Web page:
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Neuroimage. 2016 May 15;132:334-343. doi: 10.1016/j.neuroimage.2016.02.042. Epub 2016 Feb 23.

Different partial volume correction methods lead to different conclusions: An (18)F-FDG-PET study of aging.

Author information

1
Department of Radiology, Athinoula A. Martinos Center for Biomedical Imaging, Massachusetts General Hospital, Boston, MA, USA; Radiology Department, Harvard Medical School, Boston, MA, USA. Electronic address: greve@nmr.mgh.harvard.edu.
2
Department of Radiology, Athinoula A. Martinos Center for Biomedical Imaging, Massachusetts General Hospital, Boston, MA, USA; Neuroimaging Research for Veterans Center, VA Boston Healthcare, USA.
3
Department of Radiology, Athinoula A. Martinos Center for Biomedical Imaging, Massachusetts General Hospital, Boston, MA, USA.
4
Department of Radiology, Massachusetts General Hospital, Boston, MA, USA.
5
Neurobiology Research Unit and Center for Integrated Molecular Brain Imaging, Rigshospitalet, Copenhagen, Denmark.
6
Neurobiology Research Unit and Center for Integrated Molecular Brain Imaging, Rigshospitalet, Copenhagen, Denmark; Faculty of Health and Medical Sciences, Copenhagen, Denmark.
7
Department of Radiology, Massachusetts General Hospital, Boston, MA, USA; Department of Neurology, Brigham and Women's Hospital, Boston, MA, USA.
8
Department of Radiology, Athinoula A. Martinos Center for Biomedical Imaging, Massachusetts General Hospital, Boston, MA, USA; Department of Radiology, Massachusetts General Hospital, Boston, MA, USA; Department of Neurology, Brigham and Women's Hospital, Boston, MA, USA.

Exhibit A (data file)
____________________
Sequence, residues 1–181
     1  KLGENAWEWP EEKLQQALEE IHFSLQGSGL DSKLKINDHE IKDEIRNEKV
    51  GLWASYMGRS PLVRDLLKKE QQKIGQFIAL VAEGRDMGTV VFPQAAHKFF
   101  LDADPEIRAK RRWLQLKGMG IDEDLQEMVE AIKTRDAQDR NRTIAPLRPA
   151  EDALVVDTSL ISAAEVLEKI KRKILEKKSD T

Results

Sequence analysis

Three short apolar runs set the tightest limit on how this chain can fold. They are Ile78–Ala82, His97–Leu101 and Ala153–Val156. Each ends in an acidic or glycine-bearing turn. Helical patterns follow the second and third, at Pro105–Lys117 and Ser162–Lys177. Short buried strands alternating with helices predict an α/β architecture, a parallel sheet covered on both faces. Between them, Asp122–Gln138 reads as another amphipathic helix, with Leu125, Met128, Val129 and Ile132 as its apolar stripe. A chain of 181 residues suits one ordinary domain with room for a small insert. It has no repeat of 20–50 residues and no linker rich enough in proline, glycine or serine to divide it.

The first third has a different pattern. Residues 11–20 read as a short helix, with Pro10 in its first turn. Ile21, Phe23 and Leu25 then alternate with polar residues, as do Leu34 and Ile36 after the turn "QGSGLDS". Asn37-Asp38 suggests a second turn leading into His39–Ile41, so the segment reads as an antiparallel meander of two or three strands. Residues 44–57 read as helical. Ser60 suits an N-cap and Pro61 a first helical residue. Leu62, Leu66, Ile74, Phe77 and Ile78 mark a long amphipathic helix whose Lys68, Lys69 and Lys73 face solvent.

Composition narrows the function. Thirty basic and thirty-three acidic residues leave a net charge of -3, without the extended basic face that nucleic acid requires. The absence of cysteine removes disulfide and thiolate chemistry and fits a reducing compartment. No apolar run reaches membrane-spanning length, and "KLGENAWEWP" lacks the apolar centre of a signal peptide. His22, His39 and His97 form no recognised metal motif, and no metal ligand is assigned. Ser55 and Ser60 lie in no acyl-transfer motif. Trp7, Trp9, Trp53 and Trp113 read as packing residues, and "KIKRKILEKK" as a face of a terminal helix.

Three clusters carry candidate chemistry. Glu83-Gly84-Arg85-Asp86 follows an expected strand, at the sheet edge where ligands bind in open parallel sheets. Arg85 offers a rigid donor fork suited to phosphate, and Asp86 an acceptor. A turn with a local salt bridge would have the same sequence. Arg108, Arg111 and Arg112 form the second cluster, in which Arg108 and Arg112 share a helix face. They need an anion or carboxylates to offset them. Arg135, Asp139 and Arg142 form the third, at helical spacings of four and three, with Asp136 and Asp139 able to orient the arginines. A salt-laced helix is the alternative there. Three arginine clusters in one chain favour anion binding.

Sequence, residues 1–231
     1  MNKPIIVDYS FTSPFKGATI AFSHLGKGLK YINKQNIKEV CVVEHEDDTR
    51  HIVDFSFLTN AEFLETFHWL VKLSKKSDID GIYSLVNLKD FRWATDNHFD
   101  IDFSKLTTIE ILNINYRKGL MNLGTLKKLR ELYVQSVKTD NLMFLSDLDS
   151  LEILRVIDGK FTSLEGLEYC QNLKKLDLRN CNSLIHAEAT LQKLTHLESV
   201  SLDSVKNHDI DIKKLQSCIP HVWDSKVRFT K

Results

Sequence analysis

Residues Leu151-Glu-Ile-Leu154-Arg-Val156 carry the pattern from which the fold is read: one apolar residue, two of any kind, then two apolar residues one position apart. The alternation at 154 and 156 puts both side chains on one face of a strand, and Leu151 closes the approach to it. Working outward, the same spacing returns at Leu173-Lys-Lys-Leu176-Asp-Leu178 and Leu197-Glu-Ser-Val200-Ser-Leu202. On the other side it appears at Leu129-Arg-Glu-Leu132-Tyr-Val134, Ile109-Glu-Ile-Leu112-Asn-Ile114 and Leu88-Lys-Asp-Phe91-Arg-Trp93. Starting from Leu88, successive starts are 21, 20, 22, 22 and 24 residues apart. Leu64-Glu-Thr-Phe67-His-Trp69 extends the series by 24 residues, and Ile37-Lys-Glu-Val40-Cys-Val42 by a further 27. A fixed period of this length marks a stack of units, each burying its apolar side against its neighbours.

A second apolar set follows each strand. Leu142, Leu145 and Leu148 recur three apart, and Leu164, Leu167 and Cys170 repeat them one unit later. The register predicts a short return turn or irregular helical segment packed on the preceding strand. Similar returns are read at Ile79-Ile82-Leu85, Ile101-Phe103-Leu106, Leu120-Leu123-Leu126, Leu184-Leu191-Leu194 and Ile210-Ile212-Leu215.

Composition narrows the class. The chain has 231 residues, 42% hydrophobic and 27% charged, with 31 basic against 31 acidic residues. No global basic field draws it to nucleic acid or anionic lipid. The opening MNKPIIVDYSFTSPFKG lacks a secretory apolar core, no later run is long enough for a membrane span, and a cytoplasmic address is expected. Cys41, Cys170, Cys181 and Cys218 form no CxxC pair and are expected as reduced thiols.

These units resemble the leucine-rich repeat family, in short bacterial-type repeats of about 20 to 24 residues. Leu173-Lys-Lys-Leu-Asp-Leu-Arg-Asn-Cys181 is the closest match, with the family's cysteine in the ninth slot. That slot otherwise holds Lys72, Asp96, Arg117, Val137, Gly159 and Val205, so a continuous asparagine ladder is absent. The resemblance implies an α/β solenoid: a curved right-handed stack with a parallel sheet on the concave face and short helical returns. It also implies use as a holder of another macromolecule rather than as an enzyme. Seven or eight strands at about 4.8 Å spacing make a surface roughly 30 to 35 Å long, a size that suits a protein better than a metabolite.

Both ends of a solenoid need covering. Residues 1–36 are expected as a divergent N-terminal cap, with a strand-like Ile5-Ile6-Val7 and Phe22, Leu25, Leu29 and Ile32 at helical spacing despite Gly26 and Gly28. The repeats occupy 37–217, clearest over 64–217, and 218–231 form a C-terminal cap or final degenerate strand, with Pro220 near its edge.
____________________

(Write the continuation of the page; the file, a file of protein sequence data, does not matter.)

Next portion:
Abstract

A cross-sectional group study of the effects of aging on brain metabolism as measured with (18)F-FDG-PET was performed using several different partial volume correction (PVC) methods: no correction (NoPVC), Meltzer (MZ), Müller-Gärtner (MG), and the symmetric geometric transfer matrix (SGTM) using 99 subjects aged 65-87years from the Harvard Aging Brain study. Sensitivity to parameter selection was tested for MZ and MG. The various methods and parameter settings resulted in an extremely wide range of conclusions as to the effects of age on metabolism, from almost no changes to virtually all of cortical regions showing a decrease with age. Simulations showed that NoPVC had significant bias that made the age effect on metabolism appear to be much larger and more significant than it is. MZ was found to be the same as NoPVC for liberal brain masks; for conservative brain masks, MZ showed few areas correlated with age. MG and SGTM were found to be similar; however, MG was sensitive to a thresholding parameter that can result in data loss. CSF uptake was surprisingly high at about 15% of that in gray matter. The exclusion of CSF from SGTM and MG models, which is almost universally done, caused a substantial loss in the power to detect age-related changes. This diversity of results reflects the literature on the metabolism of aging and suggests that extreme care should be taken when applying PVC or interpreting results that have been corrected for partial volume effects. Using the SGTM, significant age-related changes of about 7% per decade were found in frontal and cingulate cortices as well as primary visual and insular cortices.

PMID:
26915497
PMCID:
PMC4851886
DOI:
10.1016/j.neuroimage.2016.02.042
[Indexed for MEDLINE]
Free PMC Article

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